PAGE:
Crozier Canyon
In this installment of our Route 66 tour tips, we turn our attention toward the leg from Seligman in Arizona to Barstow in California. On Monday we complete the trip by following it to the end of the trail at Santa Monica Pier, the traditional, not historic, western terminus of that legendary highway. 
The segment of Route 66 from Seligman to Topock remains as the longest uninterrupted section of Route 66. It is also, arguably, the most scenic, especially west of Kingman with its twists and turns through the Black Mountains.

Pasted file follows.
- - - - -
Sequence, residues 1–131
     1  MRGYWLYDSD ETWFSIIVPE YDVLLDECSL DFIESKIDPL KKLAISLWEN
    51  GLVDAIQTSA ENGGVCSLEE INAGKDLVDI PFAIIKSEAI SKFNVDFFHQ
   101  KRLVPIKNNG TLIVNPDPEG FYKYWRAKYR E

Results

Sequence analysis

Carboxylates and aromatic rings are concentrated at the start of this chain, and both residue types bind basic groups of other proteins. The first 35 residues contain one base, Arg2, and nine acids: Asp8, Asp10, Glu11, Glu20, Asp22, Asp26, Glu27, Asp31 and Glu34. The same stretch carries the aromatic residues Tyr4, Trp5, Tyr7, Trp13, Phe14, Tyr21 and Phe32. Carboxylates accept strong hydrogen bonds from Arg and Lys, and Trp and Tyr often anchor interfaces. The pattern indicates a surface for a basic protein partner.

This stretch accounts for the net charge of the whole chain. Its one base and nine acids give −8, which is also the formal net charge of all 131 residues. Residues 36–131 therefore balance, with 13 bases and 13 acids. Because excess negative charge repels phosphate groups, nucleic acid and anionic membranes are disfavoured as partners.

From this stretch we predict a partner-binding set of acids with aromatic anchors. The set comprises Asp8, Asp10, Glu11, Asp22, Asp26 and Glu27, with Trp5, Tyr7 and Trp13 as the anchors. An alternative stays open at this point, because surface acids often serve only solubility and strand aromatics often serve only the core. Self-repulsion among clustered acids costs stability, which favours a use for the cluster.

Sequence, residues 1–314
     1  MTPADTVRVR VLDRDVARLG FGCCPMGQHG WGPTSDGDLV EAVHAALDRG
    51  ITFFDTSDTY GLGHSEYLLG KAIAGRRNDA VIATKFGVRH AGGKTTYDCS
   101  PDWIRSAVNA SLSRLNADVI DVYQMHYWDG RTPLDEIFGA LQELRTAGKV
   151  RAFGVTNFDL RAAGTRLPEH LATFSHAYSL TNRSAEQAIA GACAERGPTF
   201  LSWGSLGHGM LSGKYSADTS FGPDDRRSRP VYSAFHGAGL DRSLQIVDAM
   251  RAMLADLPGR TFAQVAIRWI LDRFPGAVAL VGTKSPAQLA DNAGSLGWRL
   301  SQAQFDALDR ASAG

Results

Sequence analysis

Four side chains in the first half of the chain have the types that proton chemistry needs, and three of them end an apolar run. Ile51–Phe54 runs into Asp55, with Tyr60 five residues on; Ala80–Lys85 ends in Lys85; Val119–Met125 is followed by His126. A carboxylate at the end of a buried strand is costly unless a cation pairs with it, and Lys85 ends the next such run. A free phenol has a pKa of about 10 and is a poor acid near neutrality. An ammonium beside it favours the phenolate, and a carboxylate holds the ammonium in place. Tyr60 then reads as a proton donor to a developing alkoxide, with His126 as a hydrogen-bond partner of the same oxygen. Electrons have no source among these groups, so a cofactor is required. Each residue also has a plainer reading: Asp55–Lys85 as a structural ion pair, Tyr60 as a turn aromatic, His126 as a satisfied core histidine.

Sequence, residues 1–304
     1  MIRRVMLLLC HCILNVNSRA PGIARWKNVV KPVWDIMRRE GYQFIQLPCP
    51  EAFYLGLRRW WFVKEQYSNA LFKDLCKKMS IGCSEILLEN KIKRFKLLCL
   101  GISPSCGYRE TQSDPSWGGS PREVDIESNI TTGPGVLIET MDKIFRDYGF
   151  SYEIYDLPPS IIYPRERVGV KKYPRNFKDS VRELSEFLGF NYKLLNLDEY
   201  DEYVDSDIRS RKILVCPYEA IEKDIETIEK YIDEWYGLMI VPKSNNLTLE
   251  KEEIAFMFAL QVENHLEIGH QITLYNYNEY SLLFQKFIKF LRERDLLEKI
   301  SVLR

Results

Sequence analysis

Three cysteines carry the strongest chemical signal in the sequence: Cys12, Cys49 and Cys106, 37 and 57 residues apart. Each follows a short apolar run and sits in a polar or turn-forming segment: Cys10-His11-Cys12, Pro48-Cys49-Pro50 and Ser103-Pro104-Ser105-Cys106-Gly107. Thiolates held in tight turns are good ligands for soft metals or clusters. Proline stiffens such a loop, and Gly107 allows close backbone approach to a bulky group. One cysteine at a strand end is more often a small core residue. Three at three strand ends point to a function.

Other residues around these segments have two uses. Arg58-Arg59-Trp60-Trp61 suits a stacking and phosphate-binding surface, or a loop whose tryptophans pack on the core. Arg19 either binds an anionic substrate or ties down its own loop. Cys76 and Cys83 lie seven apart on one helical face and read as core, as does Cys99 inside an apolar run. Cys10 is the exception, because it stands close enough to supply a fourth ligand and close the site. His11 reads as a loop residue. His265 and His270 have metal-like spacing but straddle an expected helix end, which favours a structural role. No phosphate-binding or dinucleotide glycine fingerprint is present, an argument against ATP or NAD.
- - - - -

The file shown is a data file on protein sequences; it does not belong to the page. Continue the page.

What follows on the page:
But, from Kingman west there are actually two distinctly different manifestations of Route 66, and a short detour along a dead end section that is the original alignment of that highway as well as the path of the National Old Trails Highway.